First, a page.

Sailing destinations in the Indian Ocean? Synonymous with romance, culture and rustic charm, the Amalfi Coast is one of the darlings of the Mediterranean. This region is worth a visit for those in search of timeless beauty, proper Italian dining and UNESCO-listed heritage. Begin on the south side of the coast with a trip inland to Ravello, a medieval village that sits at dizzying heights above the sea- take a walk around the gardens of Villa Rufolo, then enjoy a meal at Palazzo Avino overlooking the mountains and the sea. Evening aperitifs are best enjoyed at Le Sirenuse, a chic hotel in Positano decked out in colourful majolica tiles with a terrace that offers unbeatable views over the town. Then, be sure to head down to the commune of Nerano to dine at one of two celebrity-approved restaurants; Lo Scoglio da Tommaso and La Conca del Sogno. Find additional info on intersailclub.com.
Cruising around the sparkling waters of Europe is one of the best ways that anyone could spend a holiday. We all dream about stopping on charming islands, exploring new port towns, cruising the beautiful waters, and living the dreamy yachting lifestyle. If you are planning on booking the best yacht holidays in Greece, or want to explore more of Europe, then be sure to check out some of these destinations. Chartering a yacht and sailing between these amazing places will result in one of the best holidays possible! Discover the Mallorca’s Balearic Islands and swim in their crystal-clear waters or book an Ibiza yacht charter cruise to discover sheltered, hidden coves and enjoy the best sunsets you’ll ever see. With more than 6,000 islands, Greece is an ideal destination for sailing. From ancient ruins and breathtaking culture to incredible cuisine, idyllic villages, endless olive groves, and turquoise waters, Greece offers countless opportunities for fun and relaxation.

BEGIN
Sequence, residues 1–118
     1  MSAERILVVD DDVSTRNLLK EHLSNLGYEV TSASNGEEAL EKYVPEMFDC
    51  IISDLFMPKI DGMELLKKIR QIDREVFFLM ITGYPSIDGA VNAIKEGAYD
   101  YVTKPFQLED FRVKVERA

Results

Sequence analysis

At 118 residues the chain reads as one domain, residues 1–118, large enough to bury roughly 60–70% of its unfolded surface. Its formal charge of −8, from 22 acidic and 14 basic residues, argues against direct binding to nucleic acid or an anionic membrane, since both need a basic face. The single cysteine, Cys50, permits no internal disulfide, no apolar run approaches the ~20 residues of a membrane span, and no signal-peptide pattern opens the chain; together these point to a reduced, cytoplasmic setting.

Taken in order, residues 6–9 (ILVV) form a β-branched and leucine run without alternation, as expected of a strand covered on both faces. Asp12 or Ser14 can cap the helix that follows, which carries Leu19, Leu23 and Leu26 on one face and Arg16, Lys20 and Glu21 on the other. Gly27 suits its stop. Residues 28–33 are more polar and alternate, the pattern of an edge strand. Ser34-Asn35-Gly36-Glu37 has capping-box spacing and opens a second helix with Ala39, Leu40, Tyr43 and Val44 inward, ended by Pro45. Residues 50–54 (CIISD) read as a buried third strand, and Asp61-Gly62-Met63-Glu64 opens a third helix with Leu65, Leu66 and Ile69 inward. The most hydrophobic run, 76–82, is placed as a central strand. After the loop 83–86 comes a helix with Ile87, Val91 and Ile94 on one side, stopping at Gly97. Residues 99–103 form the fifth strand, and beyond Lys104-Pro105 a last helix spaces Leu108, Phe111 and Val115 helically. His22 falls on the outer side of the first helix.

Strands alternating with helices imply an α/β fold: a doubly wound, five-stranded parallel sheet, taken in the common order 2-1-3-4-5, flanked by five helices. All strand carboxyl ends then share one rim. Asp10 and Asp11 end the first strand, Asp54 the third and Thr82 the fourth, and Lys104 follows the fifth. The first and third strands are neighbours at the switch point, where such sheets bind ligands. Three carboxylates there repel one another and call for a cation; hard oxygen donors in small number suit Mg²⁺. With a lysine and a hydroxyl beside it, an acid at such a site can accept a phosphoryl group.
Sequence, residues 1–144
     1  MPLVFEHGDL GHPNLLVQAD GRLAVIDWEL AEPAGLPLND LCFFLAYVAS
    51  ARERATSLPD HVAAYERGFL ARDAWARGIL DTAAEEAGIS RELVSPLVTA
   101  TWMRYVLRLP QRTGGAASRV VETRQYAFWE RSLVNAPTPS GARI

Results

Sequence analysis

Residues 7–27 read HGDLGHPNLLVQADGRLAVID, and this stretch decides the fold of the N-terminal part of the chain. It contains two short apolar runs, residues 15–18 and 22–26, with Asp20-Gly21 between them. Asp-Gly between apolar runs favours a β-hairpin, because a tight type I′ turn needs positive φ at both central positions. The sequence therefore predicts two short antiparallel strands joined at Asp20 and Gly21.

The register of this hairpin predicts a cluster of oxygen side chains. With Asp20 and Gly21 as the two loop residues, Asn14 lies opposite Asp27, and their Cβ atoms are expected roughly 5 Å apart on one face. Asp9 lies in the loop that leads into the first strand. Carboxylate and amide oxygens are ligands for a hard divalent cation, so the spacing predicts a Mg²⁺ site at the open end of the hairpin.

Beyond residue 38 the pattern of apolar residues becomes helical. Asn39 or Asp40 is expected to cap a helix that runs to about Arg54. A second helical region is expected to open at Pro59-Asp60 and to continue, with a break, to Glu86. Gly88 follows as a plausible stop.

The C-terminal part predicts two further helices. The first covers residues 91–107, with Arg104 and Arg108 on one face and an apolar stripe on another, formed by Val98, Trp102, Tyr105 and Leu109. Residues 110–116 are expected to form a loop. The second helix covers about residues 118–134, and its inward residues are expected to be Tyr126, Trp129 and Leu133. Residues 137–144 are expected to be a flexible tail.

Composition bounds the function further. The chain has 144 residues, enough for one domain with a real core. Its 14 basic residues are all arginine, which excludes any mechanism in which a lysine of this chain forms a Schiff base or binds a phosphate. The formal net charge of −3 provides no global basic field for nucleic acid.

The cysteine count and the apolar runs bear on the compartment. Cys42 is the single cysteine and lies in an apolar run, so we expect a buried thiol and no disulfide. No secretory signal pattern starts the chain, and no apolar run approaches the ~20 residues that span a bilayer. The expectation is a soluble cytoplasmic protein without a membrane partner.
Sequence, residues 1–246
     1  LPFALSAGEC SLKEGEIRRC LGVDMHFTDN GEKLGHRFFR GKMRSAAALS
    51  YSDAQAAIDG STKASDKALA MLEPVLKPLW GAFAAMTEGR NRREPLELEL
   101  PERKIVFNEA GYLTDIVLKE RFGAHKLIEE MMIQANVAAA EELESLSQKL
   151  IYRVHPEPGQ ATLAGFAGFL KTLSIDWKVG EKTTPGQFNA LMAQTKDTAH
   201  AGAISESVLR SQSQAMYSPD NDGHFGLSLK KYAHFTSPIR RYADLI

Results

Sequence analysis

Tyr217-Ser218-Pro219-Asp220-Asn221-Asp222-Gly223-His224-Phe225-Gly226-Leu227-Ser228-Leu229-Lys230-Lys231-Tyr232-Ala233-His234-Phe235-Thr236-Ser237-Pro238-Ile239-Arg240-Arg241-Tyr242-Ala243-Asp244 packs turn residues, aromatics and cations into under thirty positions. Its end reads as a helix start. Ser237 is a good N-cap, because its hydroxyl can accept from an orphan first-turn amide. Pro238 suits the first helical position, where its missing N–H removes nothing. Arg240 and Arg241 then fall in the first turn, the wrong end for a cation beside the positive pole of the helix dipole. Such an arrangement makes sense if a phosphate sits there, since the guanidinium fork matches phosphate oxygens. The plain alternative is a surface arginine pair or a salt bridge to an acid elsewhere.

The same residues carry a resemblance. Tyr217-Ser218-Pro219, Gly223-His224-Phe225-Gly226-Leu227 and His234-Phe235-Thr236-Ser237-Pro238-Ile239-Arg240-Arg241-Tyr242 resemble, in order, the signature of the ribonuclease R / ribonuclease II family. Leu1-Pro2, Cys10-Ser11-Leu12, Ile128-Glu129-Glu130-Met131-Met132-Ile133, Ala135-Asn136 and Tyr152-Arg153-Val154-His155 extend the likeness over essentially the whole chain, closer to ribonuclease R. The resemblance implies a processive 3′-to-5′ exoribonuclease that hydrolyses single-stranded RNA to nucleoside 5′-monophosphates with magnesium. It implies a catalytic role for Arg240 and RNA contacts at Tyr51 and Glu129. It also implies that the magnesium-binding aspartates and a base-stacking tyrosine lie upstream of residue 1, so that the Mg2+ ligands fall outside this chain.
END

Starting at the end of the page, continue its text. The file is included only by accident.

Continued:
The beautiful waters of Croatia prove a popular draw for visiting yachts with more than 1,100 miles of coastline, 1,200+ islands and a comprehensive set-up of over 60 marinas. The Adriatic is a gentle sailing destination with a pleasant Mediterranean climate; average sea and air temperatures in the summer range from 24 to 28 degrees Celsius,high tides are usually less than 1m and currents are mild. A favourable breeze blows regularly during summertime and the most common are thermal winds from 10-25 knots that deliver ideal sailing conditions. Additionally, there are plenty of sheltered locations making this a popular spot for family sailing holidays. Croatia offers an endless choice of beautiful anchorages in tranquil coves and bays amidst a backdrop of natural beauty, giving an off-the-beaten-track experience. Charter a sailing yacht in the Kornati Archipelago with 89 islands to explore, where a multitude of picture-perfect bays are sheltered from the wind.